"The scrutiny is the scrutiny," Yost said. "I've come to find out I can put a player in the ballgame and if he gets a base hit or a big out, nobody is going to say a word. If I put that same player in the ballgame and he strikes out or gives up a hit, then all the second-guessing comes down on you. I've learned that it's neither right or wrong, most of the time. You made the right decision. It either works out or it doesn't work out."

Much of the debate around managers in October comes down to the sense of urgency on display. In the regular season, a manager's main responsibility is keeping the clubhouse running smoothly, setting a positive tone and navigating the ups and downs. He might refrain from using a reliever for a third straight day with a long-term view in mind, or start a left-handed hitter against a lefty pitcher to build his confidence. Strategy is important, of course, but it isn't scrutinized ad nauseam when there's another game tomorrow and the national media aren't paying attention.

"I would say the tactical stuff is probably 20 percent of it," said Royals outfielder Raul Ibanez. "You're managing people more than you're managing situations. You have to build players up and communicate with them and put them in situations to succeed. Just look at the young star players here who have developed under Ned. He's helped navigate them through the storms of major league baseball really well."

Yost learned the art of managing as a coach in Atlanta under Bobby Cox, which meant staying loyal to players and refraining from public criticism at all costs. This year, third baseman Mike Moustakas was one of the main beneficiaries of his seemingly endless well of patience. Despite hitting .212 and playing his way back to Triple-A Omaha for a brief stretch in May, Moustakas appeared in 140 games and logged 500 plate appearances for the Royals. He rewarded Yost with a pair of home runs against the Angels in the division series.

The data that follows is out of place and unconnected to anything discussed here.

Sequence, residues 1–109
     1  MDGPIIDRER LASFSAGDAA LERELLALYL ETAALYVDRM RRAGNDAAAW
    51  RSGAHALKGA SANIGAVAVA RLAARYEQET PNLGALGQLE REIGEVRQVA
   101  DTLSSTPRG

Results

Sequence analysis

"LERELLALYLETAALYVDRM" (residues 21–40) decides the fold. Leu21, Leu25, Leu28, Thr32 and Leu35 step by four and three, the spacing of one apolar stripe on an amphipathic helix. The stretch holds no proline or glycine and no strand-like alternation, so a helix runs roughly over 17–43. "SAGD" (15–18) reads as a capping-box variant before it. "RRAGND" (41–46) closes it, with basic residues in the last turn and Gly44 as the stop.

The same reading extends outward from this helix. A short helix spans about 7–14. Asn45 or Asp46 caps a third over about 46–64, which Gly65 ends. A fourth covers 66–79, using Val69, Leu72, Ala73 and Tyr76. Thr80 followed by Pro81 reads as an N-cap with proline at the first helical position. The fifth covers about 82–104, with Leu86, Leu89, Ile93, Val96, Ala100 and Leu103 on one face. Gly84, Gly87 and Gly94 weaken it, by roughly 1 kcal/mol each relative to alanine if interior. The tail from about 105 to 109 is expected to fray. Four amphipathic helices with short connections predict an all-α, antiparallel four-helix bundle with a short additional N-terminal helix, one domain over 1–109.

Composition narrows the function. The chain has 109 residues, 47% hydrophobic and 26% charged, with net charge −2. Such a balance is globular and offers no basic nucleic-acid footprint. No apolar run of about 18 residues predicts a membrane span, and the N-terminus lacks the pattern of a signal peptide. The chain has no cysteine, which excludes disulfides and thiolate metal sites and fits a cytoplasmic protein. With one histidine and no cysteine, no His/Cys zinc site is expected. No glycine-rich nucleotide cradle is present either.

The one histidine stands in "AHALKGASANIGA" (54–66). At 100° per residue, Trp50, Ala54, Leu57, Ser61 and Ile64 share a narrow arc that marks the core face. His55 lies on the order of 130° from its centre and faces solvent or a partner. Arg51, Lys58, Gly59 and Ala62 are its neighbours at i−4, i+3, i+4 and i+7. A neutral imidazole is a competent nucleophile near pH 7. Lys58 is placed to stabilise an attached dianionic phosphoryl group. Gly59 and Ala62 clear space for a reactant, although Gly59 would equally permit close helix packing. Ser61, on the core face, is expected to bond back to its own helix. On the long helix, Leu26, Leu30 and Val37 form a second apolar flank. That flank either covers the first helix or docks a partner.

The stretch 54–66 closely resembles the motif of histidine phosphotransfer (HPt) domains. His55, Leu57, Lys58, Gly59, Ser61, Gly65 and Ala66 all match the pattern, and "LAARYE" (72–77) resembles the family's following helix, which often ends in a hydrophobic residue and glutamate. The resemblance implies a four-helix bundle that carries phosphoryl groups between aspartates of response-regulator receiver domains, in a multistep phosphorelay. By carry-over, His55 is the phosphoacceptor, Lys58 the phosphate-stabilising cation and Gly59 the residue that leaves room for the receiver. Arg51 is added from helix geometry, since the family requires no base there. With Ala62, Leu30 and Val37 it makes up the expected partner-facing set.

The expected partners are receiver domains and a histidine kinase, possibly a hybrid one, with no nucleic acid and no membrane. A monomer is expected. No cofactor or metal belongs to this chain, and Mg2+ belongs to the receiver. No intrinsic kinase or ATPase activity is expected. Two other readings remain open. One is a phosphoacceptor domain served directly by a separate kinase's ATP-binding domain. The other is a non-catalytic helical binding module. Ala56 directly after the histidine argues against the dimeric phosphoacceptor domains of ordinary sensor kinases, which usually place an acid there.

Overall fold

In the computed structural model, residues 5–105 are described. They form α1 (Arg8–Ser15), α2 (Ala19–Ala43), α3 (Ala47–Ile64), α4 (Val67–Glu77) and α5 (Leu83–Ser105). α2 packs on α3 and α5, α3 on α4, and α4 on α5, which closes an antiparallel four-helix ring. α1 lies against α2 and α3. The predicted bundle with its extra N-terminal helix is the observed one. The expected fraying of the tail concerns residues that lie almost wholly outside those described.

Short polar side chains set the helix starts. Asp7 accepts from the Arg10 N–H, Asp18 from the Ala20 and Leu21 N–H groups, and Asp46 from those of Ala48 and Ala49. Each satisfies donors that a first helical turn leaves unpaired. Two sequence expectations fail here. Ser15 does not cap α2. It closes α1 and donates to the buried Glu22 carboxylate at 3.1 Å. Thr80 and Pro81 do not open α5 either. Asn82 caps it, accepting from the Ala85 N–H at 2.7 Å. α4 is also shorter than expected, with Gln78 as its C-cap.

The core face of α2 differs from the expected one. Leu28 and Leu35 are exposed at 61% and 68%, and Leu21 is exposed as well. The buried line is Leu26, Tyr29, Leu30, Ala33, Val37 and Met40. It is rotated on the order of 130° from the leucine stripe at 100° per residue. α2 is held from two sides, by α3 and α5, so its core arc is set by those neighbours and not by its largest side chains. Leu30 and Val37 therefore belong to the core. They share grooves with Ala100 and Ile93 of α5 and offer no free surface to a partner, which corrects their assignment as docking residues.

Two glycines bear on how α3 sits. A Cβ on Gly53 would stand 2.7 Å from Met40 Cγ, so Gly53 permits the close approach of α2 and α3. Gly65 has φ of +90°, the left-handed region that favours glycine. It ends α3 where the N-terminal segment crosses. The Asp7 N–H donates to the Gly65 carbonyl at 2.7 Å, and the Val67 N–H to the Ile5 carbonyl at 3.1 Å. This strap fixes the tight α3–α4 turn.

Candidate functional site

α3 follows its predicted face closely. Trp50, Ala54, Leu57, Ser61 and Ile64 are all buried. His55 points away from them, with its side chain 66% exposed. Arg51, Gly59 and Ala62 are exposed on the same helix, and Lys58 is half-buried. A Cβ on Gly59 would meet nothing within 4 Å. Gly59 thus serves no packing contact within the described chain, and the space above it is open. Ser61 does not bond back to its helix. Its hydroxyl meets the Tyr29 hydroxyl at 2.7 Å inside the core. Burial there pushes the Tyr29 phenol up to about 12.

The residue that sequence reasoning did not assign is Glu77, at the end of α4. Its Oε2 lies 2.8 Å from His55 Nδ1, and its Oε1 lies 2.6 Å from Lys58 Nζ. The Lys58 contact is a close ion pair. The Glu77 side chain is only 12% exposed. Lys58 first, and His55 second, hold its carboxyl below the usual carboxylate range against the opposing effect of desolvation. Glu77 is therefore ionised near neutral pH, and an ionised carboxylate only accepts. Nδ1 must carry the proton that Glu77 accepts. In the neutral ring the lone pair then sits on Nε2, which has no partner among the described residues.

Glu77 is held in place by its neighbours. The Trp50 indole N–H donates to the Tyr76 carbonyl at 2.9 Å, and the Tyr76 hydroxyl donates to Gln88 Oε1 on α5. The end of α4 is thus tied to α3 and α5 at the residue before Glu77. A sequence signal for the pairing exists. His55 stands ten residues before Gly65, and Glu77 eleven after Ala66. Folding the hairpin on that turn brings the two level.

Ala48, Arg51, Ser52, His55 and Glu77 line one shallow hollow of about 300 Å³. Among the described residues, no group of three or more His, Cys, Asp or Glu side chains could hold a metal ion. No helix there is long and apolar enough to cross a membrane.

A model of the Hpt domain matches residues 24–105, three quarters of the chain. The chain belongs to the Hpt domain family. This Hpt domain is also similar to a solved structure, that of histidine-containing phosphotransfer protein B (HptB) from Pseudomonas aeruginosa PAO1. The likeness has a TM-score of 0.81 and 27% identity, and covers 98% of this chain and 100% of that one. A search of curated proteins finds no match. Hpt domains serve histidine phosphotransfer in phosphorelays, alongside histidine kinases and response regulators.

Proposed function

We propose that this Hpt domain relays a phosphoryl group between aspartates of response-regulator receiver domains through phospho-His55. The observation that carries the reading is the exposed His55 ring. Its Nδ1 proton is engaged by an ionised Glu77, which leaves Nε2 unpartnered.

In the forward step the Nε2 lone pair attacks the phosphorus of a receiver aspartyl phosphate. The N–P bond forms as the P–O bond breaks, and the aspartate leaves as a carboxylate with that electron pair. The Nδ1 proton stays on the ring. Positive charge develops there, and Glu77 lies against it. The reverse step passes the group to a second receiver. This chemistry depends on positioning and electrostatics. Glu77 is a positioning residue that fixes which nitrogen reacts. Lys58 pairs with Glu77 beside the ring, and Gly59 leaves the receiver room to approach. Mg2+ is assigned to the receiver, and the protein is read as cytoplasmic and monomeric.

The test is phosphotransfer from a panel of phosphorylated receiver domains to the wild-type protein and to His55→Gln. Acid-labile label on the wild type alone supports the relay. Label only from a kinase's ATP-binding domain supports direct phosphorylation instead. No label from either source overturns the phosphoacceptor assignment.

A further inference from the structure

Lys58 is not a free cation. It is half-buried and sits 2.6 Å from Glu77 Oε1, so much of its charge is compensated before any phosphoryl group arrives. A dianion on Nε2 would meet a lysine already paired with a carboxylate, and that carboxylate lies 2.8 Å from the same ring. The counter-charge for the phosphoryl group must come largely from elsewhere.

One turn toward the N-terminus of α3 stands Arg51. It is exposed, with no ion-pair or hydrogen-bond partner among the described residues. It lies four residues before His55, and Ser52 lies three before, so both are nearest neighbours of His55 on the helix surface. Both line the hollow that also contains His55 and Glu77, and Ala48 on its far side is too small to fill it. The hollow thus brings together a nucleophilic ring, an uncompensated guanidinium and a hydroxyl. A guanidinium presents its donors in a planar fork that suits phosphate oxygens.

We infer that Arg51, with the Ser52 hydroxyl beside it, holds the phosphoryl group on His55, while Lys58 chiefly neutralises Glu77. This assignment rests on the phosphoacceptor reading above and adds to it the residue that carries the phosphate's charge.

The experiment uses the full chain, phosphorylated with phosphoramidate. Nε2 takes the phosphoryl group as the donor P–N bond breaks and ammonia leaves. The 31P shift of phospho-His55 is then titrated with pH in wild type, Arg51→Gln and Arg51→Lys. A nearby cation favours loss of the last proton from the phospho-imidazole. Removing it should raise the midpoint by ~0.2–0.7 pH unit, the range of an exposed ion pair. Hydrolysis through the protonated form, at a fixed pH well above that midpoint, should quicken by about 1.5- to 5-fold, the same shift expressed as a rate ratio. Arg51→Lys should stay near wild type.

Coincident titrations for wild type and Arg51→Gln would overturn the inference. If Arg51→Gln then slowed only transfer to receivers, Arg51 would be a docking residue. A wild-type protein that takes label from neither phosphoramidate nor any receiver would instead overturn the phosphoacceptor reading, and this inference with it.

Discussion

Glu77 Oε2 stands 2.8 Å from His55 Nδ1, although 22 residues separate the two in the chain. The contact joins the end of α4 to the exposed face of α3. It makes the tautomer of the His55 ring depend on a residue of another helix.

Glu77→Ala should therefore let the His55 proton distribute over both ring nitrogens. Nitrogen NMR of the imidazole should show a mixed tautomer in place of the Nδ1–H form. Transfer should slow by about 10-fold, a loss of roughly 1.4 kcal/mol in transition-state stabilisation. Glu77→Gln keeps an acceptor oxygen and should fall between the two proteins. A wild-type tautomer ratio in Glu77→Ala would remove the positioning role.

"He stood by my side," Moustakas said. "When I was 0-for-20 to start the year and I was hitting a buck sixty, he always threw me out there and put me in the lineup every day. You couldn't ask for any more. When he had my back with the media and said, 'This kid is gonna be all right,' that means a lot for a player."

In the postseason, sometimes it's all in the presentation. Matt Williams dug himself a hole in Washington's series-ending defeat to San Francisco by declining to use Stephen Strasburg, Tyler Clippard or Drew Storen in a must-win game. Then he compounded the misstep by telling reporters he pitched Matt Thornton and Aaron Barrett in the decisive seventh inning because "those are our seventh-inning guys." The observation made Williams seem oblivious to the circumstances, and prompted even Nationals analyst Ray Knight to go to town on his mistakes.

Yost said he began preparing for the urgency of the postseason in mid-September, when he began using pinch runners more often, inserting late-game defensive replacements and making minor alterations in the way he used closer Greg Holland and setup men Kelvin Herrera and Wade Davis. But if it's the sixth or seventh inning and the Orioles have a rally brewing and Yost picks the wrong guy to snuff it out, he's going to have to wear it. In October, managers with suspect reputations don't get the benefit of the doubt.

"You're never gonna please everybody," Ibanez said. "I think it was Winston Churchill who said, 'An appeaser is a person that feeds a crocodile hoping it will eat him last.'"

In his quest to avoid being eaten by Buck Showalter, Yost will have to stay true to his convictions and hope his players prove him correct. If the Royals lose to the Orioles, chances are he'll receive the bulk of the blame. And if they win, some Kansas City fans will continue to insist that they advanced in spite of him. He can probably live with that scenario.